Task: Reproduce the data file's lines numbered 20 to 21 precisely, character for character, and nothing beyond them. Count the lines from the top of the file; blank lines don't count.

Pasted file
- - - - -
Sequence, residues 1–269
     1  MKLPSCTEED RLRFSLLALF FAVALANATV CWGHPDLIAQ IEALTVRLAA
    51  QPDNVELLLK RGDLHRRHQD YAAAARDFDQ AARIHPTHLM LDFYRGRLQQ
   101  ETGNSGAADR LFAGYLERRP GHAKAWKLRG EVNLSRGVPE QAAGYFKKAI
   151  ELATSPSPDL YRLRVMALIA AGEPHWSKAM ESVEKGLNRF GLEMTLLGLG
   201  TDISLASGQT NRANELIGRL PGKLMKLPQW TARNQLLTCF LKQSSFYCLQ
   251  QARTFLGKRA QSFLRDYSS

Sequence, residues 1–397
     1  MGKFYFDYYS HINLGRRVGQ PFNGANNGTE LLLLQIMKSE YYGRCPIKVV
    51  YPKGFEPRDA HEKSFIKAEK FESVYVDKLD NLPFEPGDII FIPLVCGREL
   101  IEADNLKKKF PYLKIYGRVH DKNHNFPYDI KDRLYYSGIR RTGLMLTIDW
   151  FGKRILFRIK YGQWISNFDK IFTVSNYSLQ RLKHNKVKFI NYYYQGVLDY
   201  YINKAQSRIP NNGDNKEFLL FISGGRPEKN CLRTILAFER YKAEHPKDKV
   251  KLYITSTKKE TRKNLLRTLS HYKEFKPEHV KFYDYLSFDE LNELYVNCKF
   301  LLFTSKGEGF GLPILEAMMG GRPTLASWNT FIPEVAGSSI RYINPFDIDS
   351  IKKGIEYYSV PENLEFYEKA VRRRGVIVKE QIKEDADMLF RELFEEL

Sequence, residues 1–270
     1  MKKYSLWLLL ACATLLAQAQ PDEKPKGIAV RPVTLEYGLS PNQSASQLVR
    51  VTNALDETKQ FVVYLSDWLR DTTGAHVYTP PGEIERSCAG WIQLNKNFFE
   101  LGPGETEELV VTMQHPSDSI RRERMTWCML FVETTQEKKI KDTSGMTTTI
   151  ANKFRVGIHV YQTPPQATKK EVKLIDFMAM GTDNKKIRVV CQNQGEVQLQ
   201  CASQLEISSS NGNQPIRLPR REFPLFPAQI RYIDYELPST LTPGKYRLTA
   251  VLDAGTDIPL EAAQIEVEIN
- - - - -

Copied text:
   101  LGPGETEELV VTMQHPSDSI RRERMTWCML FVETTQEKKI KDTSGMTTTI
   151  ANKFRVGIHV YQTPPQATKK EVKLIDFMAM GTDNKKIRVV CQNQGEVQLQ